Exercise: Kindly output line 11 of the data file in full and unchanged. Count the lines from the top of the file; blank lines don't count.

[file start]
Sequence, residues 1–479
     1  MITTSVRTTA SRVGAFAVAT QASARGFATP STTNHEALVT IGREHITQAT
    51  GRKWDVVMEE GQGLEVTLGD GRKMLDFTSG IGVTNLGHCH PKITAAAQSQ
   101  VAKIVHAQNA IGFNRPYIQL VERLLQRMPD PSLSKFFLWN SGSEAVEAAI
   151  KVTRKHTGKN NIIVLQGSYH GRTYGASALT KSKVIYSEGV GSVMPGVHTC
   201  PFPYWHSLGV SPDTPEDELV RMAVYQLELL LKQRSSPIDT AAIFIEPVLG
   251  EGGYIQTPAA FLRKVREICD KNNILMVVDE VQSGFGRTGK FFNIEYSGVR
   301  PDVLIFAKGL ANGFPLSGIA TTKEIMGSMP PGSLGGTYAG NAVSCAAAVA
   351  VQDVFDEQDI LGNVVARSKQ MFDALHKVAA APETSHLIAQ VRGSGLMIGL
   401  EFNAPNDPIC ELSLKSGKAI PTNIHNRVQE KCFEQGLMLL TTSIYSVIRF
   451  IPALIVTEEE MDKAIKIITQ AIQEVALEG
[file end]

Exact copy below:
   451  IPALIVTEEE MDKAIKIITQ AIQEVALEG